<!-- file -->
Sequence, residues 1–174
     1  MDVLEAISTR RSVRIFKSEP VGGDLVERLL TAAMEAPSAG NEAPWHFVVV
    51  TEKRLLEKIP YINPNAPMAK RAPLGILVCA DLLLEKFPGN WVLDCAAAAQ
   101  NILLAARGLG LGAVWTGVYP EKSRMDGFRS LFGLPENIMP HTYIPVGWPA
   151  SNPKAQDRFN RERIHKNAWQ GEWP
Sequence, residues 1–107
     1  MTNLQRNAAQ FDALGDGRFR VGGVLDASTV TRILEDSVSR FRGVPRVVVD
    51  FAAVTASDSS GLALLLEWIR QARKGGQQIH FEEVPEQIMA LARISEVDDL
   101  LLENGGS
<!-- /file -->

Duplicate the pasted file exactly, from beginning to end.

Sequence, residues 1–174
     1  MDVLEAISTR RSVRIFKSEP VGGDLVERLL TAAMEAPSAG NEAPWHFVVV
    51  TEKRLLEKIP YINPNAPMAK RAPLGILVCA DLLLEKFPGN WVLDCAAAAQ
   101  NILLAARGLG LGAVWTGVYP EKSRMDGFRS LFGLPENIMP HTYIPVGWPA
   151  SNPKAQDRFN RERIHKNAWQ GEWP
Sequence, residues 1–107
     1  MTNLQRNAAQ FDALGDGRFR VGGVLDASTV TRILEDSVSR FRGVPRVVVD
    51  FAAVTASDSS GLALLLEWIR QARKGGQQIH FEEVPEQIMA LARISEVDDL
   101  LLENGGS